No penalties for people who miss Irish Water deadline

Deadline of midnight to register with Irish Water to receive accurate bills

Saturday’s water charges demonstration has brought parts of Dublin to a standstill as protesters converge on the GPO. Video: Daniel O'Connor


There will be no penalties imposed on those who fail to meet this week’s “deadline” for registration with Irish Water although some who fail to sign up for the new regime may face higher charges at some future point.

Irish Water spokeswoman Elizabeth Arnett said there will be an assumption made that those who do not confirm their details with Irish Water are part of a two-adult household so will face the standard charge of €260.

She also said that households who do not register with the controversial utility will not be in a position to apply to the Department of Social Protection for the €100 Water Conservation Grant although the deadline for applying for that grant is still some way off.

“We will make an assumption that you are on a standard charge, in other words that you have more than two adults in the household and that you have both water and waste water services, and in that respect your bill would be €260,” she told RTE’s Sean O’Rourke.

“You may need to have a lower charge than that, we can’t determine that unless you’ve contacted us and similarly in terms of the €100 conservation grant unless your details have been confirmed with us you won’t be able to apply to the Department of Social Protection for that grant”.

All told 30,000 households registered with Irish Water over the weekend. Just over half of the households expected to pay bills to Irish Water have registered their details with the new utility as a deadline of midnight tonight looms for registration to ensure accurate water bills.

Almost 850,000 homes have provided their details to Irish Water out of the estimated 1.5 million customers who will receive their first water bills in April.

There is no penalty for not registering by this time, but the default rate of €260 will apply to households with no confirmed details.

A spokeswoman for Irish Water told The Irish Times the utility would continue to accept confirmation from people or changes in their details after the deadline.

“People can confirm or change their details with us anytime. We’ll continue to do that beyond February 2nd. The earlier you give it to us the better so you get the correct bill. If you get a bill that has any aspect of it not right, get onto to us.”

About 35,000 households returned their registration packages with no details, according to the water company. This figure includes 20,000 unopened packs.

An estimated 400,000 households will not be required to pay bills because they have private wells and septic tanks.

All households, including those who are not Irish Water customers, are eligible to apply for the water conservation grant of €100, but they need to register with the utility in order to qualify.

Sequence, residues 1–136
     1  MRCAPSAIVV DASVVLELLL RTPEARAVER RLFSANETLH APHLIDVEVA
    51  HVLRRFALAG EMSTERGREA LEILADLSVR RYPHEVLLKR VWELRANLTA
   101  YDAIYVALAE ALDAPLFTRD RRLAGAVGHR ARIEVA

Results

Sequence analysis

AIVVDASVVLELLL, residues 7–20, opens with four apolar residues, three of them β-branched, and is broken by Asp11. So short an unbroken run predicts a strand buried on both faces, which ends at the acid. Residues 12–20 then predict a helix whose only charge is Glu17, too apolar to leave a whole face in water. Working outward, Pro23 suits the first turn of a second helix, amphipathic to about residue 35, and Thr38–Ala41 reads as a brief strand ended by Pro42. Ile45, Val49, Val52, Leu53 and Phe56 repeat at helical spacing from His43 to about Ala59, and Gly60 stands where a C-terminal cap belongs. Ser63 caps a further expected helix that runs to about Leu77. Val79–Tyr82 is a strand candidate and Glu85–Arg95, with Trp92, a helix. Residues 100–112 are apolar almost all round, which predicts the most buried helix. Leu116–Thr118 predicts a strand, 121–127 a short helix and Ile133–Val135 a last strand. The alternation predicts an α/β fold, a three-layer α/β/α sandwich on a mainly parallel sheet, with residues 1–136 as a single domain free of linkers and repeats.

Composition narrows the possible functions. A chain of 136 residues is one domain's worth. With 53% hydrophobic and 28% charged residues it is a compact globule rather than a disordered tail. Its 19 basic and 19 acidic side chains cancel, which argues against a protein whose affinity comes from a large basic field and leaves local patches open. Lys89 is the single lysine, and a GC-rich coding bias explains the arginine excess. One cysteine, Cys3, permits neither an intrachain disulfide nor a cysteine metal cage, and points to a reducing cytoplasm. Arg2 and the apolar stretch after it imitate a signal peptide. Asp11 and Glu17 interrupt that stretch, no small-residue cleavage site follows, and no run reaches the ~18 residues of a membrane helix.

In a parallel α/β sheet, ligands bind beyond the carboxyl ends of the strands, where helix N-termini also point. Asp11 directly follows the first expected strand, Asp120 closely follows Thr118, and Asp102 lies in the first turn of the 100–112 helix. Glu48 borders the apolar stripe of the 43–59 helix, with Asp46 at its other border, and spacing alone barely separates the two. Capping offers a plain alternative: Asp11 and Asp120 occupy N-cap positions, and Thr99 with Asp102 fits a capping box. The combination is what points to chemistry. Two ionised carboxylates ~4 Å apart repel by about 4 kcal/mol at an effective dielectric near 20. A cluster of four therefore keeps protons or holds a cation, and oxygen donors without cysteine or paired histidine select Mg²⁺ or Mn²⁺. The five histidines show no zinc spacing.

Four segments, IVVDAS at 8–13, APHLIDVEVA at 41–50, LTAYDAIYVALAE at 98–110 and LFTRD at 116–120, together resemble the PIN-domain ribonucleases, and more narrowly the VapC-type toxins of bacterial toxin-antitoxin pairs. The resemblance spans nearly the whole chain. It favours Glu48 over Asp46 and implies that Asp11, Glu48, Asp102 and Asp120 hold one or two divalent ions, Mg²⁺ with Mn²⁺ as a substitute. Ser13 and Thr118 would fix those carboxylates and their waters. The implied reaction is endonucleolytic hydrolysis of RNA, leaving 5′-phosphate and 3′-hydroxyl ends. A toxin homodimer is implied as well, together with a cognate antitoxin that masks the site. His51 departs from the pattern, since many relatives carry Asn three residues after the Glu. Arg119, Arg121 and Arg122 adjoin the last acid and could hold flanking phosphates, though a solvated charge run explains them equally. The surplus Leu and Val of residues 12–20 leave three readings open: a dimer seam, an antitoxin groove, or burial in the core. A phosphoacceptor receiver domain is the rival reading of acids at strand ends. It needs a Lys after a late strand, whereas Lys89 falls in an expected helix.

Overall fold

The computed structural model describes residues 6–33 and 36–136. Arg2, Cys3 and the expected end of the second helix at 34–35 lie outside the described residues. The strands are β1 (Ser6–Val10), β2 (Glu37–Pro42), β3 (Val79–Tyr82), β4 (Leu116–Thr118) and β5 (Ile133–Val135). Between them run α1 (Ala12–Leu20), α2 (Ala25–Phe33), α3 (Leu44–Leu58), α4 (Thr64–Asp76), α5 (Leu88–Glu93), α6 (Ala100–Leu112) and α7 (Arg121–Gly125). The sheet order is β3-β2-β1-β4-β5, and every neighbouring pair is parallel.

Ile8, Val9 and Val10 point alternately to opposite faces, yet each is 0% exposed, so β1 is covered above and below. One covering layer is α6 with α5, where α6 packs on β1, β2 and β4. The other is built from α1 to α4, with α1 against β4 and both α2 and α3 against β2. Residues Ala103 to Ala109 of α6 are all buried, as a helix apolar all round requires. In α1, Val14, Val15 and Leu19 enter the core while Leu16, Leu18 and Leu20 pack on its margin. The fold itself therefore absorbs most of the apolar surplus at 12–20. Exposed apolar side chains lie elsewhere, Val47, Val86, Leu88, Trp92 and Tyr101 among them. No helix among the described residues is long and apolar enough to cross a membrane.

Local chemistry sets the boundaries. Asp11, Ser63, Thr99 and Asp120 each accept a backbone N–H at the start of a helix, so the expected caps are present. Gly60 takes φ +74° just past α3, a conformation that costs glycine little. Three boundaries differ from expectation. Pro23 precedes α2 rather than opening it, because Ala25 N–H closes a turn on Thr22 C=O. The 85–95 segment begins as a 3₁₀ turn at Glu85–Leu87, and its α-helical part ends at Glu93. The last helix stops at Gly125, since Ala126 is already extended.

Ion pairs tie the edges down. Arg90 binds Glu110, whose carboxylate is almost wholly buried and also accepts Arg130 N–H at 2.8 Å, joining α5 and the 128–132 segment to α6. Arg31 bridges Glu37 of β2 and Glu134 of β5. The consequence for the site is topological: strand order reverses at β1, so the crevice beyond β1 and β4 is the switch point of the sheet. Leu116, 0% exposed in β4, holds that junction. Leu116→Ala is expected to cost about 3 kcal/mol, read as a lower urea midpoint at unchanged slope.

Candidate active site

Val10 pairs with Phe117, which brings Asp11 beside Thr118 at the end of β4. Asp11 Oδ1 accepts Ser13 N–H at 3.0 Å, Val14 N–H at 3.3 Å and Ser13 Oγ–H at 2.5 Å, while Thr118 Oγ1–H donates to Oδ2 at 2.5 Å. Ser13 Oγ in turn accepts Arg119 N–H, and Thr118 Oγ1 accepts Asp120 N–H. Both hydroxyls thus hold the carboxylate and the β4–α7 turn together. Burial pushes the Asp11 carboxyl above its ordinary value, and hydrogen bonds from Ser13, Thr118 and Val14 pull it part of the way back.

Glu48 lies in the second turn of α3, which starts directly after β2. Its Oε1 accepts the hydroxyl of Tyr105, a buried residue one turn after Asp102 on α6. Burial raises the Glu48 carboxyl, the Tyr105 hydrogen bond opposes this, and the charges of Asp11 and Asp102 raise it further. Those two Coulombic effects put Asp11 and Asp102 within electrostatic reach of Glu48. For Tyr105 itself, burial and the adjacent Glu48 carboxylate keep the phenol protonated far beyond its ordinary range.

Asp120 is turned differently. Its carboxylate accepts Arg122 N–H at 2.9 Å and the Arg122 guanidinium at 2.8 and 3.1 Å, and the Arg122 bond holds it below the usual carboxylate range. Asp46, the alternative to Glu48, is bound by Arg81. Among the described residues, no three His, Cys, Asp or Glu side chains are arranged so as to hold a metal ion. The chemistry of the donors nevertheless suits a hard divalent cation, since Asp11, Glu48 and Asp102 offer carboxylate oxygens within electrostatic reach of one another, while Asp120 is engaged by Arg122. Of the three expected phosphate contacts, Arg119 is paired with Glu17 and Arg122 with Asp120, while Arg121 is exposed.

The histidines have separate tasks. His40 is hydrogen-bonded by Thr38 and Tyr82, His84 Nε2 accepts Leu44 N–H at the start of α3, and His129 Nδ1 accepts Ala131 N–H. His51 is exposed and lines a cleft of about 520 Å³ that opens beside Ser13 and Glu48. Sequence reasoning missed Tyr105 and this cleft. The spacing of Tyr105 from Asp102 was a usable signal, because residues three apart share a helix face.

The Department of Social Protection has set aside a budget of €130 million to pay for the €100 water conservation grant – equivalent to paying the fee to 1.3 million households.

The Department of Environment has confirmed to The Irish Times that there is no deadline for households to apply for this grant, which will be paid from September.

A statement from Irish Water said 1.065 million households had registered their details with the utility, which includes about 200,000 responses from homes who are not Irish Water customers.

All households, including those who are not Irish Water customers, are eligible to apply for the water conservation grant of €100 but need to register with Irish Water before they can apply for the grant.

“Approximately 79 per cent of those are on the public water main and therefore customers of Irish Water. This represents over 56 per cent of the total customer base,” the statement said.

Sinn Féin deputy leader Mary Lou McDonald said her party will not stand over a situation where people are charged for their domestic water supply.

“One of the really frustrating things in all of this debate is the government has set out their stall... and the shambles that is Irish Water,” she told RTÉ radio.

“We in opposition have spent all our time trying to row them back from that very flawed approach. They haven’t listened to us and have carried on regardless. And we’ve wasted a whole pile of parliamentary time and the time of public servants who have all of the facts and figures and all the data at their disposal arguing a flawed proposal rather than putting our heads together as parliamentarians and coming up with a proposal that’s fair. And that works,” she said.

Pressed on where the party would find the money to finance Irish Water, Ms McDonald said half would come from exchequer funding, some from commercial rates and the party would be open to “looking at all forms of formula”

“You would tailor the level of investment and works you could carry out on the basis of that formula,” she said.